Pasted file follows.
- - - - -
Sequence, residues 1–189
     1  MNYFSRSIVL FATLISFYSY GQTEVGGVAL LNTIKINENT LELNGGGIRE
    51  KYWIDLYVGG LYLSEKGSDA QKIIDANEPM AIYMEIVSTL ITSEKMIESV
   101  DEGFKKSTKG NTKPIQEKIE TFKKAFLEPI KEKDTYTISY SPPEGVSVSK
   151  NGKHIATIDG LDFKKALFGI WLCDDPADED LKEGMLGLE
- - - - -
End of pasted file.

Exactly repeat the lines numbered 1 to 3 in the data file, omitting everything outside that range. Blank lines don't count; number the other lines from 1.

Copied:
Sequence, residues 1–189
     1  MNYFSRSIVL FATLISFYSY GQTEVGGVAL LNTIKINENT LELNGGGIRE
    51  KYWIDLYVGG LYLSEKGSDA QKIIDANEPM AIYMEIVSTL ITSEKMIESV